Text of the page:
Waxiella africana (Green),

Hodgson, Chris J. & Peronti, Ana L. B. G., 2012, 3372, Zootaxa 3372, pp. 1-265: 199-203

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Waxiella africana (Green)


Waxiella africana (Green) 

( Figs 90, 91, 92; Map fig. 105)

Ceroplastes africanus Green, 1899: 188  .

Waxiella africana (Green)  ; Ben-Dov, 1986: 166.

Material examined: Lectotype adult ♀: South Africa, Cape Colony ( BMNH): 1/1 (split into dorsum and venter but in fair condition: left hand label: Ceroplastes africanus Green  = egbarum Ckll.  , right label Ceroplastes africanus  (africanus crossed out) Green, 1899, Lectotype, designated by Ben-Dov, 1982). Also: paralectotype: similar data ( BMNH): 1/1 (also split into dorsum and venter, poor; remounted and restained by Ben-Dov, 1981). Also: part of type material, Ceroplastes africanus Green  , on Acacia sp.  , Cape of Good Hope, ( BMNH): 1/1 (also split into dorsum and venter, poor; mounted from dried material, Ben-Dov, 1981) and ( USNM): 6/6 (remounted and restained by Y. Ben-Dov).

Also: South Africa, Eastern Cape Province, Willowmore, 16.ii.1978, on Acacia karroo, J.J. Cellié  ( SANC, 5380): 3/3 (young, good; identified as W. africana  ); Western Cape Province, Stellenbosch, 23.ii.1978, Acacia karroo, S. Neser  ( SANC, 5410): 1/1 (young, good; identified as W. mimosae  ); Western Cape Province, Calitzdorp, 20.i.1972, Acacia sp.  , V.B. Whitehead ( SANC, 4488): 2/2 (young, good; unidentified); Eastern Cape Province, Grahamstown, 10.iii.1969, Acacia karroo  ( SANC, 3645): 2/2 (young, good; identified as W. mimosae  ); Western Cape Province, Grassy Park, Acacia longifolia  , 22.iii.1960, Chas Major ( BMNH): 1/1 (good; identified as C. mimosae  ); Western Cape Province, Stellenbosch, on Acacia sp.  , 8.vi.1954, C.J. Joubert ( BMNH): 3/3 (fair-good, identified as Gascardia sp.  ); Gauteng Province [Transvaal], Pienaarspoort, 5.ii.1964, C.J. Cilliers ( SANC, 848): 1/ 1 (young, good; identified as Gascardia mimosae  ); Gauteng Province [Transvaal], Pienaarspoort, 20.x.1954, Acacia karroo  , E.C.G. Bedford ( BMNH): 1/2 (fair; identified as C. mimosae  ). Namibia, Okahandla  [Okahandja], no host, F. Gaedes ( BMNH): 1/1 (good, identified as C. mimosae  ).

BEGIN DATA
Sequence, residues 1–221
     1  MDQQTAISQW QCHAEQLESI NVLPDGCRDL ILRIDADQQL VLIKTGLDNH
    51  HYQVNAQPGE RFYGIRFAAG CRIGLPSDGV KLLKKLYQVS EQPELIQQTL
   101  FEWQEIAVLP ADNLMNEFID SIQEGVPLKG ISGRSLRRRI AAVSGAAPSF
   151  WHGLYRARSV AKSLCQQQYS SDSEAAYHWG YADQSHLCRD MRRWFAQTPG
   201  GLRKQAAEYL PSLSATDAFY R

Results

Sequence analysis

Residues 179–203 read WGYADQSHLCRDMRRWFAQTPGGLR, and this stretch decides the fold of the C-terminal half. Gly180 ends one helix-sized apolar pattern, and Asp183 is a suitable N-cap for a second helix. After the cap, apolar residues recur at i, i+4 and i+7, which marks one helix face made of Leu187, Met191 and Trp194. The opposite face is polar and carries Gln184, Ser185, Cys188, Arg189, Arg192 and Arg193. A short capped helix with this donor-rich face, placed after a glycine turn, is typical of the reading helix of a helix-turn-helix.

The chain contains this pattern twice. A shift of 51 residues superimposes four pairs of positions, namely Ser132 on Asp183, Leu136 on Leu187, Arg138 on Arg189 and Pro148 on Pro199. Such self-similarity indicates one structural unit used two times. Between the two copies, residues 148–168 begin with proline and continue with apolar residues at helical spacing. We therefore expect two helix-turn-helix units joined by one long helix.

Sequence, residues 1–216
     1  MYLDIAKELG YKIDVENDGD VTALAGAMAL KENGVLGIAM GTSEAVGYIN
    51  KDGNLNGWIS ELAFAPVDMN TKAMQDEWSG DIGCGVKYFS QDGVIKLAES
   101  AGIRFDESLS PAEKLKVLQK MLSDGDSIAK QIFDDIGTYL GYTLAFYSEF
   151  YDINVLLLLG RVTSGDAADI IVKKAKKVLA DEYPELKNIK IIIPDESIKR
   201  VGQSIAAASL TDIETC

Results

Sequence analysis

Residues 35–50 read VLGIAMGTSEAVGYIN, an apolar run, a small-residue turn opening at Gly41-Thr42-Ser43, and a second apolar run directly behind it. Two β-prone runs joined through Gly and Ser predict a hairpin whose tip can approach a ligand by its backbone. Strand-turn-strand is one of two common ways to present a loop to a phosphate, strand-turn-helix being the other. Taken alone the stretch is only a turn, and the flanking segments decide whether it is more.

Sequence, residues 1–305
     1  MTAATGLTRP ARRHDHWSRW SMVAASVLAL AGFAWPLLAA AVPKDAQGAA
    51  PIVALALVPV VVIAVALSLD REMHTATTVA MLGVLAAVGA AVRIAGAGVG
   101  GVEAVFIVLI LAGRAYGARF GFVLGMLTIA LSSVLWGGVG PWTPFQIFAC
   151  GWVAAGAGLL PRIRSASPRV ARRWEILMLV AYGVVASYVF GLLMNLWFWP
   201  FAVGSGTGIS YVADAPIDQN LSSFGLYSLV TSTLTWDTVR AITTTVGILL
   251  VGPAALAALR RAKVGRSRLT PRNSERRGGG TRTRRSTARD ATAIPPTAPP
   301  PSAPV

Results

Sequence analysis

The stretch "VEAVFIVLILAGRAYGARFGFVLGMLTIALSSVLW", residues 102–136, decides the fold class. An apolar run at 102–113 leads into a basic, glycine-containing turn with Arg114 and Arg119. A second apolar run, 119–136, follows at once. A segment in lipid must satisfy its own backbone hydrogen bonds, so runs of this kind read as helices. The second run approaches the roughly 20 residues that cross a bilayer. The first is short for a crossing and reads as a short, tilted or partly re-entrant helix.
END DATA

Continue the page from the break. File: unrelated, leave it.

Note. Main description from Lectotype, data from other material in (..) brackets.

Unmounted material. “Insects crowded on the stems of the plant, so much so that the waxy covering of adjacent individuals becomes more or less confluent and the normal form of the test is difficult to determine. The tests appear as rounded masses of cream-coloured wax, each with a more or less nipple-like prominence at the apex bearing a small spot of white substance. The usual opaque white bands from the spiracular regions are present, but very inconspicuous, scarcely extending beyond the margin. In some specimens, a series of impressed arches on the sides of the test marks the position of the marginal plates. The waxy coating being thinner on the impressed parts, the arches appear darker, the colour of the body of the insect showing through the covering matter. An isolated test averages 7.75 mm, 6.50 mm broad, 5.75 mm high.” ( Green, 1899). “Body of fully-grown female convex; dorsal derm sclerotised; with a well-developed cephalic projection extending about 800 µm forward to margin. Anal process short. Young females (slide mounted) 1.6 mm long, 1.2 mm wide. Fully-grown female up to 5.5 mm long, 5.0 mm wide and 4.5 mm high.” ( Ben-Dov, 1986: 166).

Mounted material. Body elongate oval, probably quite convex, with distinct, shallow, stigmatic clefts; dorsum without distinct tubercles. Stigmatic setae of 2 types: ventral sharply-spinose setae amongst spiracular disc-pores and dorsal conical setae in an oval group on dorsum, with cleft surrounded by a wide area of sclerotisation on older specimens. Caudal process short and stout, 2.0 (2.7–3.0) mm long, 2.5 (2.5–2.7) mm wide. Length about 8 mm (young specimens 1.35–1.58) mm, width 6.5 mm (young specimens 0.98–1.23) mm.